So what do I do when I meet a young entrepreneur? I exhaust all of my available energy dishing out the real facts on just how brutal and taxing the journey can be. The pitfalls. The pain. The realities that the media doesn’t talk about. The crazy game of poker, with the highest odds, that is entrepreneurship.
I tell them they will very likely fail.
I tell them they will have to take personal risk after personal risk, that could have debilitating effects long after the company is gone.
I tell them that even if they do find success, life can actually get a lot harder. Success is not easy to deal with.
I tell them the startup graveyard is littered with ideas just like theirs.
I’ve killed the “dreams” of many entrepreneurs in such sessions.
Why do I do such a thing, especially as an entrepreneur myself?
Because if a stranger can kill someone’s dream in 30 minutes, it’s not a real dream. And I probably just saved them an incredible amount of heartache.
Real entrepreneurs can’t be swayed, especially by a stranger over a coffee. My words of warning will be adrenaline to their heart. My facts about failure will be a dare for them to prove me wrong. My dosage of truth about their idea probably not being as good as they think will be motivation to improve it.
Real entrepreneurs (in the same way I used to react to all of the people telling me I can’t do it) want to prove the world wrong. All I am doing is validating that urge, and giving them some helpful insight that I wish someone had told me at that age.
I’ve recently published a book about my entrepreneurial journey (here). Unlike other business memoirs, this one is raw, dark, hyper-honest and pulls the blindfold off of a number of topics that we aren’t really supposed to address.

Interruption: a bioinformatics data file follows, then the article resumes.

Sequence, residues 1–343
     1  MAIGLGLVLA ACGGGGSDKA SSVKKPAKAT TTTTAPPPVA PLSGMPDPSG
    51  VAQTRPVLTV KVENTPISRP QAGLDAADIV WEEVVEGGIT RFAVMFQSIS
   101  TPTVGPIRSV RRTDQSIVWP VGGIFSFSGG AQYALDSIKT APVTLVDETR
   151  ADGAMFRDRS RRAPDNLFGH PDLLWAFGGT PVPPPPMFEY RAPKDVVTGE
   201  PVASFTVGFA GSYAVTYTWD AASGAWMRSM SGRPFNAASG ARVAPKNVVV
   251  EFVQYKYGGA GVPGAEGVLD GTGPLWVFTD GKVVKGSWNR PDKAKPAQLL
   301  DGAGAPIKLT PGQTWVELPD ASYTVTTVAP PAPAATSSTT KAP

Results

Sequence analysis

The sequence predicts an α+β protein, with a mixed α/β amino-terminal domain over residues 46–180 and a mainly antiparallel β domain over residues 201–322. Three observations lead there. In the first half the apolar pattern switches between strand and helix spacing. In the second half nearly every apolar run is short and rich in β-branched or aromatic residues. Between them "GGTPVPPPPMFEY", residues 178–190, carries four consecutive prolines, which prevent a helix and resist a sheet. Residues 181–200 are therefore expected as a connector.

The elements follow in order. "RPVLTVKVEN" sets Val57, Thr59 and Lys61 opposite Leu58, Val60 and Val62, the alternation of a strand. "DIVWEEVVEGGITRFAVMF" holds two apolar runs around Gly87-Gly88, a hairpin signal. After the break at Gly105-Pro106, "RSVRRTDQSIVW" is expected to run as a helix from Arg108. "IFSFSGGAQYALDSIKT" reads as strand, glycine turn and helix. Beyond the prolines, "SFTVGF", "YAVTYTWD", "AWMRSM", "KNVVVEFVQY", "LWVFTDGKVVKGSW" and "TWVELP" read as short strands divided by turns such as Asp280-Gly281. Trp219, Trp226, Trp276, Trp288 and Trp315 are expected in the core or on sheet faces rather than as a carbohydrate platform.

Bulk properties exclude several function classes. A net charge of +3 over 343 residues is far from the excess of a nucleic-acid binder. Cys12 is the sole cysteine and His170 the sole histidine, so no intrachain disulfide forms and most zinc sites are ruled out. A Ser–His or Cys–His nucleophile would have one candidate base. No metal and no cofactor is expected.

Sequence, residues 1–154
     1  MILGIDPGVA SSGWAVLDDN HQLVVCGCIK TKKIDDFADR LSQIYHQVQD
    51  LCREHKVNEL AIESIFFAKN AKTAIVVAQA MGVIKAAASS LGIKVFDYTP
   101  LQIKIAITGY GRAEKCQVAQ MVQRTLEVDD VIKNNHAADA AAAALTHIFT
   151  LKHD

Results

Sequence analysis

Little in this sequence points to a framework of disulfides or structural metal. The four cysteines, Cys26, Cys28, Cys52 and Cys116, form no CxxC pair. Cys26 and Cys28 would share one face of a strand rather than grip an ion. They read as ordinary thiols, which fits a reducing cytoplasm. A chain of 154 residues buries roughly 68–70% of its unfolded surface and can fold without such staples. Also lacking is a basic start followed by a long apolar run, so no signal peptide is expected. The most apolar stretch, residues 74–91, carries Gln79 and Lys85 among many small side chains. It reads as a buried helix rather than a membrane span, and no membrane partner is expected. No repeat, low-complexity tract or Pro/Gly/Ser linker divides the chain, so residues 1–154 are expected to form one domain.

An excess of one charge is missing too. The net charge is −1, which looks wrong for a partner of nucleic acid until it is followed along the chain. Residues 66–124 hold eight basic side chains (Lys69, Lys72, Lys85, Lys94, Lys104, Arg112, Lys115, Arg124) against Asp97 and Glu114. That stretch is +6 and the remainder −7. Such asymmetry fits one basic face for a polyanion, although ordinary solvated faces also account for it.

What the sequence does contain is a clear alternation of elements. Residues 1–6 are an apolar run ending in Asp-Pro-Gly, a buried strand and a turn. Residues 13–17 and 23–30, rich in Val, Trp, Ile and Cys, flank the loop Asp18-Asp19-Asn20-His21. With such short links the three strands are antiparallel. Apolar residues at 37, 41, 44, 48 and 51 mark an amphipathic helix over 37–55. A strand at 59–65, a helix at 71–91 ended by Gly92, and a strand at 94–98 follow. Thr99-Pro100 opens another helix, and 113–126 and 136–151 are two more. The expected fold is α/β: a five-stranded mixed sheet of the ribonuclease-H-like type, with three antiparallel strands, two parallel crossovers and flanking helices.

One colleague read an early draft of the book and gave me very unexpected feedback: he loved the story, and it made him not only reconsider his new business idea, but ultimately not pursue it. “I’m just not up for all of the bullshit,” he said to me.
I felt bad at first. Did my story just change someone else’s?
But I then realized, the book served the same purpose as my coffee meetings with young entrepreneurs. While my story reads like A Wolf of Wall Street meets the Social Network, it is oddly representative of millions of other entrepreneurs stories. If other startup mavens were allowed to be honest about what really happens in positions of young leadership, power and success, many stories would probably make mine sound like amateur hour. It is an insane journey at the best of times.
I realized that for an honest dose of reality to have the effect on someone for them to say “you know what, this isn’t for me”, is actually the greatest endorsement I could receive. Non-entrepreneurs will get to the end and say “good lord. I am glad my life is more normal.” Real entrepreneurs will have that familiar fluttering in their heart, and despite the downfalls, warnings and tragedy, will be even more motivated to dive in to the black hole and make their dreams a reality.